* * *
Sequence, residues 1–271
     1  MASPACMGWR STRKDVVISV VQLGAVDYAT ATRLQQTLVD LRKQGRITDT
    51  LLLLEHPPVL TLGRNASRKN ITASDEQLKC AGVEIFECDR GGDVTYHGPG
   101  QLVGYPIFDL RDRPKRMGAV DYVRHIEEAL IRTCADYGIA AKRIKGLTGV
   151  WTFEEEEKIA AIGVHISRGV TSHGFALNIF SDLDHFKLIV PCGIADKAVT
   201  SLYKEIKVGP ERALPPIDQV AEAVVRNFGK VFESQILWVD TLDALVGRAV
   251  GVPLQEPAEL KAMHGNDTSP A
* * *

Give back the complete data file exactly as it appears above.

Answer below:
Sequence, residues 1–271
     1  MASPACMGWR STRKDVVISV VQLGAVDYAT ATRLQQTLVD LRKQGRITDT
    51  LLLLEHPPVL TLGRNASRKN ITASDEQLKC AGVEIFECDR GGDVTYHGPG
   101  QLVGYPIFDL RDRPKRMGAV DYVRHIEEAL IRTCADYGIA AKRIKGLTGV
   151  WTFEEEEKIA AIGVHISRGV TSHGFALNIF SDLDHFKLIV PCGIADKAVT
   201  SLYKEIKVGP ERALPPIDQV AEAVVRNFGK VFESQILWVD TLDALVGRAV
   251  GVPLQEPAEL KAMHGNDTSP A